5 Ways to Support Mental Health at Your Higher Education Institution

In Brief:

  • May is Mental Health Awareness month and each year millions of Americans, including students in higher education, face the reality of living with a mental illness.

  • The pandemic has increased the need for mental health resources in higher education to be made more accessible to students both in-person and virtually.

  • With the passing of the Improving Mental Health Access for Students Act, higher education institutions are now required to provide contact information for the National Suicide Prevention Lifeline, Crisis Text Line, and a campus mental health center on student identification cards.

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May is Mental Health Awareness Month and each year millions of Americans, including students in higher education, face the reality of living with a mental illness. According to HigherEducationToday, research on college students and their mental health shows three out of 10 students have struggled with depression, and over one in four have expressed issues with anxiety. Even more distressing is the one in 20 college students who had created a suicide plan in the past year. These findings are a major cause for concern for higher education administrators, faculty, and staff. So, what can be done to assist your students with their mental health concerns? Here are five ways to support your students’ mental health on campus:

#1 Create a Mental Health Task Force

Students are looking to their higher education institutions for help as they continue to struggle with the impact of the pandemic – from the social and economic consequences of closed campuses to remote learning and, in some cases, the illness or death of loved ones. As students’ mental health concerns continue to grow, many higher education institutions have responded to these concerns by creating a task force. This task force can identify areas of need and opportunities for change. They can survey students about the types of services students would like made available and can coordinate mental health efforts across campus.

#2 Appoint a Chief Wellness Officer

Recently, the University of West Georgia appointed the first Chief Wellness Officer in the Georgia system. This role offers assistance and resources for mental health, food insecurity, and financial instability to students, faculty, and staff. Though this administer-level position is becoming increasingly popular across higher education institutions, it doesn’t exist on many campuses. Institutions need to create a space for dedicated leadership overseeing a holistic, integrated approach to student well-being. eCampus News explains the Chief Wellness Officer can provide critical vision, bandwidth, and expertise to strategically align campus efforts, identify gaps in resources, assess progress, and adapt as needed.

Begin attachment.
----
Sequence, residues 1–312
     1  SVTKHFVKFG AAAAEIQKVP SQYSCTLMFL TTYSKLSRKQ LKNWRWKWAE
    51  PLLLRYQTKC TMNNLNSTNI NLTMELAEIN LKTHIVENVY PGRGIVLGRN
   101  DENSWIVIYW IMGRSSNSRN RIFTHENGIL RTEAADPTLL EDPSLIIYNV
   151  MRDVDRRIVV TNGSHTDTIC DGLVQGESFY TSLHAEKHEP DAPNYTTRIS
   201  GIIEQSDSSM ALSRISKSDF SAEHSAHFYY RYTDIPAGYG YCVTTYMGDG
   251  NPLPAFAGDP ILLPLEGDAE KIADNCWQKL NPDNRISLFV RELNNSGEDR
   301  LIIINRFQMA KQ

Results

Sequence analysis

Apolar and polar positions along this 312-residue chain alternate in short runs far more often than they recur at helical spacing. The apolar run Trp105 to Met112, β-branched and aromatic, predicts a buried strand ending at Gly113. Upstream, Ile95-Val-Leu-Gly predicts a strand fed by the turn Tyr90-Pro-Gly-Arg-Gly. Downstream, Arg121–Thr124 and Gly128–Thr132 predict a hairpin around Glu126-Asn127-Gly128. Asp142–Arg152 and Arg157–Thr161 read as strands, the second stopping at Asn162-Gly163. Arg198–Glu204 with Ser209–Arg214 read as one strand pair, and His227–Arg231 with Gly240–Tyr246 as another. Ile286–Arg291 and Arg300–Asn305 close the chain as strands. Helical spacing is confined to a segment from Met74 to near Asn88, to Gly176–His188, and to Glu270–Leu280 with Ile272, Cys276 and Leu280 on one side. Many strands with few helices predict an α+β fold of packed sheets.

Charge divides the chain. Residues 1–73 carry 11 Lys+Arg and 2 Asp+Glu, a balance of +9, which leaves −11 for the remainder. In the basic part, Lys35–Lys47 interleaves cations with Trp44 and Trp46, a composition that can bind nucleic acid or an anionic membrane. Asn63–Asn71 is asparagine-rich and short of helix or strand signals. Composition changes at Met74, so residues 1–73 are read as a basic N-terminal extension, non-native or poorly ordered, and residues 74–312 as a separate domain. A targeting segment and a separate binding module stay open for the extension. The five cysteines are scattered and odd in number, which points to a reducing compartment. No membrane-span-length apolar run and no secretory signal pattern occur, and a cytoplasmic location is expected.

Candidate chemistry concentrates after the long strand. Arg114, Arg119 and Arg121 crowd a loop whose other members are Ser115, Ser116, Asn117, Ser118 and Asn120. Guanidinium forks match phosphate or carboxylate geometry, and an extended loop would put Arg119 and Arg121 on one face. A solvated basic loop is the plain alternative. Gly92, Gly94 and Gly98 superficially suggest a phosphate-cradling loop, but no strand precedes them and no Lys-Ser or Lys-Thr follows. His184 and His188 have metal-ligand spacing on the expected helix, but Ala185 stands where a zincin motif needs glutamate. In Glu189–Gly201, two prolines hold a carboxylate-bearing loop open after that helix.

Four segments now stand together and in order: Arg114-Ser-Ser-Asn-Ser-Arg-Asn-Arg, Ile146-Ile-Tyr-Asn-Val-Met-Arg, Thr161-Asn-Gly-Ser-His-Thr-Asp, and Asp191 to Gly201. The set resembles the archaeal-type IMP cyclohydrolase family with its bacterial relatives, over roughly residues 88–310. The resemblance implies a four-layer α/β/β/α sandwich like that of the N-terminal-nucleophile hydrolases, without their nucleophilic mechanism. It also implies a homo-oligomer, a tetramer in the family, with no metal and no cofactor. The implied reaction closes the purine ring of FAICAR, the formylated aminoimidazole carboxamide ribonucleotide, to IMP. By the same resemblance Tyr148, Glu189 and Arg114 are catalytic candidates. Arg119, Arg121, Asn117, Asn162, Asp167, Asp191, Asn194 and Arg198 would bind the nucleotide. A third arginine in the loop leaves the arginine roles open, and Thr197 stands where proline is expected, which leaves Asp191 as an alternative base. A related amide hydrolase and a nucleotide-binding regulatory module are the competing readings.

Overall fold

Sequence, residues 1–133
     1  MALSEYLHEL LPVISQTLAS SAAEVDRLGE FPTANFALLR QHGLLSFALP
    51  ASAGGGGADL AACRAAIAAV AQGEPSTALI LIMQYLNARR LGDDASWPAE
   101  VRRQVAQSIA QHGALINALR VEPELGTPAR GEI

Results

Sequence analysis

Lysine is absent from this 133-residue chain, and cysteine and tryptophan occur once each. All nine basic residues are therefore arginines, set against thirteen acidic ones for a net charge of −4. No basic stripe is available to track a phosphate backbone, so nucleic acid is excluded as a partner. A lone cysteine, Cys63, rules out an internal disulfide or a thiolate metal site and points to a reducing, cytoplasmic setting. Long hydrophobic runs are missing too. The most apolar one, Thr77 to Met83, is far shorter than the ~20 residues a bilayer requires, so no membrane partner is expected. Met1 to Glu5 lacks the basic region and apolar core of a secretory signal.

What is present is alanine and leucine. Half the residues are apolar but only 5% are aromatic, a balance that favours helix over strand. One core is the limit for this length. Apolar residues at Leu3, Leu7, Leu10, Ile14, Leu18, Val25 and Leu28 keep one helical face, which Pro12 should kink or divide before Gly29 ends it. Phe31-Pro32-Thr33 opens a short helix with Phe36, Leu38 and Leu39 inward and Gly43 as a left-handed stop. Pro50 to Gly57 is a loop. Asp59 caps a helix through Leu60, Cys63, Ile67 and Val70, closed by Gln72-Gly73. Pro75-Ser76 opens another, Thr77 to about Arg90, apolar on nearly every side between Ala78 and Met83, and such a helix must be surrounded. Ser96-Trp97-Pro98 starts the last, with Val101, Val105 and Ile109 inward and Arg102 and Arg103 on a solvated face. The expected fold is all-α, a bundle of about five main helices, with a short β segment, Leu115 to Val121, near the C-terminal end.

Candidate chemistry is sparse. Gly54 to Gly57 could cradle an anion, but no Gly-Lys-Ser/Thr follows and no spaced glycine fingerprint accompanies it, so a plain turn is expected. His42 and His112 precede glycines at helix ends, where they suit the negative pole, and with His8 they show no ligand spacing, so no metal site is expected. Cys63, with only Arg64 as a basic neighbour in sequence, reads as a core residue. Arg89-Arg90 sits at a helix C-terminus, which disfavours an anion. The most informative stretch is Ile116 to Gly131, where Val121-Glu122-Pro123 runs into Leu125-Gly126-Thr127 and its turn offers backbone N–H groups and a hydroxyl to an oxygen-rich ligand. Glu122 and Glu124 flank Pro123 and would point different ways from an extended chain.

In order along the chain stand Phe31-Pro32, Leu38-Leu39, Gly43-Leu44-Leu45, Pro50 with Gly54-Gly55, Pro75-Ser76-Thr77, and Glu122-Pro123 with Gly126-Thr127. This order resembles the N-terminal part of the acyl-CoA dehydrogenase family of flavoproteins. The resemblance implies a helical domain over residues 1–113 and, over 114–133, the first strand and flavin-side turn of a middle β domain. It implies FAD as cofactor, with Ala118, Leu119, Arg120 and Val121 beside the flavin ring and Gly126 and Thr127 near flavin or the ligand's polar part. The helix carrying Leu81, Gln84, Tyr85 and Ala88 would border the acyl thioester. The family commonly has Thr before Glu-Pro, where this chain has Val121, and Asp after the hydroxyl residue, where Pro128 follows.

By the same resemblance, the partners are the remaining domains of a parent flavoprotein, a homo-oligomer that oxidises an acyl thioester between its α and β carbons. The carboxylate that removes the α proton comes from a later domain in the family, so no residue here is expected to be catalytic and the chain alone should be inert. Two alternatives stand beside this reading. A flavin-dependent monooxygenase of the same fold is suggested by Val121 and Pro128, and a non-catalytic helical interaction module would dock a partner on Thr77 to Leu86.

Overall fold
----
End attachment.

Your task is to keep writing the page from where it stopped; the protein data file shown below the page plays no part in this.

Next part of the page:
#3 Train Faculty and Staff to Respond to Mental Health Concerns

If your campus is unable to create a Chief Wellness Officer position, a good alternative can be to provide training to help faculty and staff recognize and respond to mental health-related concerns. Psychiatric Times suggests the training should be convenient, without additional cost to the employee, and offered in virtual or online formats. Also, they suggest this training uses interactive educational techniques involving role play with common case scenarios seen in campus settings. Another alternative is to offer a peer support group which involves training faculty and staff to help their peer groups recognize and respond to mental health crises. These peer supporters may be more accessible to those in need.

#4 Offer Virtual Mental Health Services to Students and Staff

With options like digital and telehealth sessions, students living off campus can access their institution’s mental health resources. Inside Higher Ed shared in a study, by TimelyMD, that 85 percent of college students said they were experiencing increased stress and anxiety due to the pandemic and uncertainty about continuing their education. They also noted that less than 25 percent of students surveyed reached out for help, showing there is an awareness gap in the availability of virtual counseling resources. If your institution offers virtual mental health services, let that be known around your campuses.

#5 Mental Health Resource Information Printed on Student IDs

Last May the Improving Mental Health Access for Students Act was passed. This act now requires all higher education institutions to provide contact information for the National Suicide Prevention Lifeline, Crisis Text Line, and a campus mental health center on all student identification cards they issue. This is a way for students to always have easy access to mental health resources. Additionally, there is hope that having this information made widely available will encourage students to discuss suicide and mental health openly.

There are many reasons your higher education institution should invest in your students’ mental health. From improving student academic performance to suicide prevention and increasing student retention, it’s crucial for higher education to prioritize student mental health. When students are looking at which higher education institutions to attend, they may take into consideration what mental health resources your institution offers—be ready to meet their needs.

Natalie Schwarz
Author: Natalie Schwarz

Natalie Schwarz creates and edits internal and external communications as a Content Marketing Writer with Nelnet Campus Commerce. She holds a Master of Arts degree in Creative Writing and has over a decade of professional writing experience. When she’s not crafting communications, you can find Natalie enjoying the outdoors with her husband and their twin boys or scoping out an estate sale.

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